5

I'm very new to slide guitar playing, so this might sound like a stupid question. But I'm trying to learn this "Georgia on my mind" cover on a slide guitar, and I ran into a doubt.

Sometimes, like on 0:24s and on 0:28s he seems to press on a fret that stands before the slide, which I didn't think would do anything (I thought I was missing something, otherwise why would he press the frets?). But while I was playing around trying to figure this part out, I realized that pressing a fret before the slide actually works because the bottleneck is only slightly touching the strings, so when you press the fret it goes a bit down and stops touching the slide.

Is that what he really does there? Or is there something I'm missing?

1
  • 1
    that is exactly what he is doing Commented Jul 26, 2018 at 7:55

1 Answer 1

4

Fretting a note before the slide bends that string down - and that means the slide doesn't touch it. It's a fairly common technique, especially if you play slide in an open tuning.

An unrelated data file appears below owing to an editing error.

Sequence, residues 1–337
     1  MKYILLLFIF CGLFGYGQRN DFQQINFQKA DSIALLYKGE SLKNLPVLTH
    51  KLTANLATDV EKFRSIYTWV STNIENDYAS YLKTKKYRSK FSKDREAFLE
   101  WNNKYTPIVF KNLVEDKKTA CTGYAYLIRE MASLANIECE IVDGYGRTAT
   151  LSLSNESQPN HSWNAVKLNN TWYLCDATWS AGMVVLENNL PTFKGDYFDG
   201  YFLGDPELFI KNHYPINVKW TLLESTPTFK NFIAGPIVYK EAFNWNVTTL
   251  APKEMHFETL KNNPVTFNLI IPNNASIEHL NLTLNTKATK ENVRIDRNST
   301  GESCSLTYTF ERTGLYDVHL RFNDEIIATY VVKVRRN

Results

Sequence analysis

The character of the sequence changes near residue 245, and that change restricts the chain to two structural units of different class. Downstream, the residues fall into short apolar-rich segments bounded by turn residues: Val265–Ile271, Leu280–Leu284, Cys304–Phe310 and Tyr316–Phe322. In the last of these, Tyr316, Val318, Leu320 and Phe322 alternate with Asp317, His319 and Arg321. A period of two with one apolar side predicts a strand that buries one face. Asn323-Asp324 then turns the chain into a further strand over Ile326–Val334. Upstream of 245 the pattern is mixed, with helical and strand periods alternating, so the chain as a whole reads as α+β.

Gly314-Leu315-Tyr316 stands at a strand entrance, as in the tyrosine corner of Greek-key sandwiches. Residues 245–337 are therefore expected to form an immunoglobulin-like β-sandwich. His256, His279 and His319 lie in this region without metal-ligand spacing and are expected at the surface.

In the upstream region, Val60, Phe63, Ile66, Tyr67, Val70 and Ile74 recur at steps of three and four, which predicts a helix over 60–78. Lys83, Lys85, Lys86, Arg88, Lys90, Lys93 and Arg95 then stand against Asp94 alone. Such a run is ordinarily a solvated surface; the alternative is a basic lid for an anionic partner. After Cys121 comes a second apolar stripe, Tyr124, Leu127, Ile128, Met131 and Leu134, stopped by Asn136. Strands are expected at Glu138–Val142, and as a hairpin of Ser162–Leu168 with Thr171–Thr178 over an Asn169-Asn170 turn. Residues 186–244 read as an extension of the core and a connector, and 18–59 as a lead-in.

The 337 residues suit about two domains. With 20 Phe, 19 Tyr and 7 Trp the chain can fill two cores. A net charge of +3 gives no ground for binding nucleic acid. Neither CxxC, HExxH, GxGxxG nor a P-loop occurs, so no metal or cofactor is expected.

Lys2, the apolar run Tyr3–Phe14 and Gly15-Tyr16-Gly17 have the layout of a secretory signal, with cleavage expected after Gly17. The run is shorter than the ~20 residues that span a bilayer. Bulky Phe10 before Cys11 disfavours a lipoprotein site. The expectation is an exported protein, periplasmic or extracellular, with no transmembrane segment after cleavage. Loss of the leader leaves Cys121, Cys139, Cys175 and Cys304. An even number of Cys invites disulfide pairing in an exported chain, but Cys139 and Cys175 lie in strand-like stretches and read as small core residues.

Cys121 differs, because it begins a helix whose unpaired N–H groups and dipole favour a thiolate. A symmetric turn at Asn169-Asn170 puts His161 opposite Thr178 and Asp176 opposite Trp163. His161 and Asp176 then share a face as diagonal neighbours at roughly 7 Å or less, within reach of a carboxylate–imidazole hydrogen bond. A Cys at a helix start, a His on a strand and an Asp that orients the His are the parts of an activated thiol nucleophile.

Let's say you're tuned to open E (E-B-E-G#-B-E). You can easily get an A major chord by placing the slide at the fifth fret, where the notes are A-E-A-C#-E-A. But if you want to get an A minor chord you'll have to lower the one C# to C.

Fretting that string at the fourth fret, behind the slide, does the trick.

Your Answer

By clicking “Post Your Answer”, you agree to our terms of service and acknowledge you have read our privacy policy.

Not the answer you're looking for? Browse other questions tagged or ask your own question.